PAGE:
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Saturday, August 13, 2011

Applying artificial intelligence to a brain teaser

famer posted the following brain teaser:

Here goes the 14th Brain Teaser. It is a tough maths question and i'm not even sure if the answer is correct. Hopefully i don't lose the site name. Here goes:

If you use a certain formula on 13, you end up with 7.
Under the same formula, 2352 becomes 16, 246 becomes 14, 700 turns into 16, and 1030 becomes 14.
What would 9304 become?

So I decided to test some the Eureqa software, which is some software from Cornell University that test out a bunch of equations to see which ones fit.  Eureqa software is available free from http://creativemachines.cornell.edu/eureqa_download 

We enter the data above


Eureqa rapidly finds several functions that fit with zero error.


We can then use one of these equations to determine what 9304 would become. Let’s pick the first one, since for sure there is no use of trig functions in the average brain teaser! If this equation were true, 9304 would be –24345. 


With the thousands of things Eureqa tries, and with only 5 data points, its not surprising that there are several functions which fit the data -- none of which are likely to be the answer famer intended!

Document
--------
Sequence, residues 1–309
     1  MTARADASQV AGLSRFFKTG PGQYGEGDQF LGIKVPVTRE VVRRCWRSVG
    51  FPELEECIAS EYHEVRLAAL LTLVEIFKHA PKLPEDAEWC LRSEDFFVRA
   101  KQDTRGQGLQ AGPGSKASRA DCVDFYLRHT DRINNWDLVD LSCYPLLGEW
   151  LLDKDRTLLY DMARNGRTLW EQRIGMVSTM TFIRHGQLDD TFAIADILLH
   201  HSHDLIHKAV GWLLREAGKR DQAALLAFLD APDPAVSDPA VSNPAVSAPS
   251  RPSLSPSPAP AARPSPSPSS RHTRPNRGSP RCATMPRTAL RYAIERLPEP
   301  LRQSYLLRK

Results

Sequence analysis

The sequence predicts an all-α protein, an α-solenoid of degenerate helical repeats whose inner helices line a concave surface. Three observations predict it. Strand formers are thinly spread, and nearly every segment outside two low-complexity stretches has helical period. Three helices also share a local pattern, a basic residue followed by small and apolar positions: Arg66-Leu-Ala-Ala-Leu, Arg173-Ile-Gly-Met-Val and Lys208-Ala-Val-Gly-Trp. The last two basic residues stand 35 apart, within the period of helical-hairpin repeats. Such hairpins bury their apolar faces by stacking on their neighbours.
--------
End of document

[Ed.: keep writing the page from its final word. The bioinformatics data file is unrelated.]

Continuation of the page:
1 comment:

  1. A commenter on chess.com notes the trick here:

    "The first is simply the Lagrange polynomial for those 5 points, which by definition is a *perfect match*. But there are hundreds of functions that pass through those 5 points, e.g. to that 4th degree polynomial you can add *any* >=5th degree polynomial that has those five x-values as roots, and it would still be a solution. You can do the same with trig functions instead of simple polynomials, as your software did, no surprise there.

    "And the values you give look very similar to the old count-the-letters trick, but not exactly, i.e. 1030 = thousandthirty = 14 letters, 700 = sevenhundred = 12 letters, 13 = thirteen = 8 letters."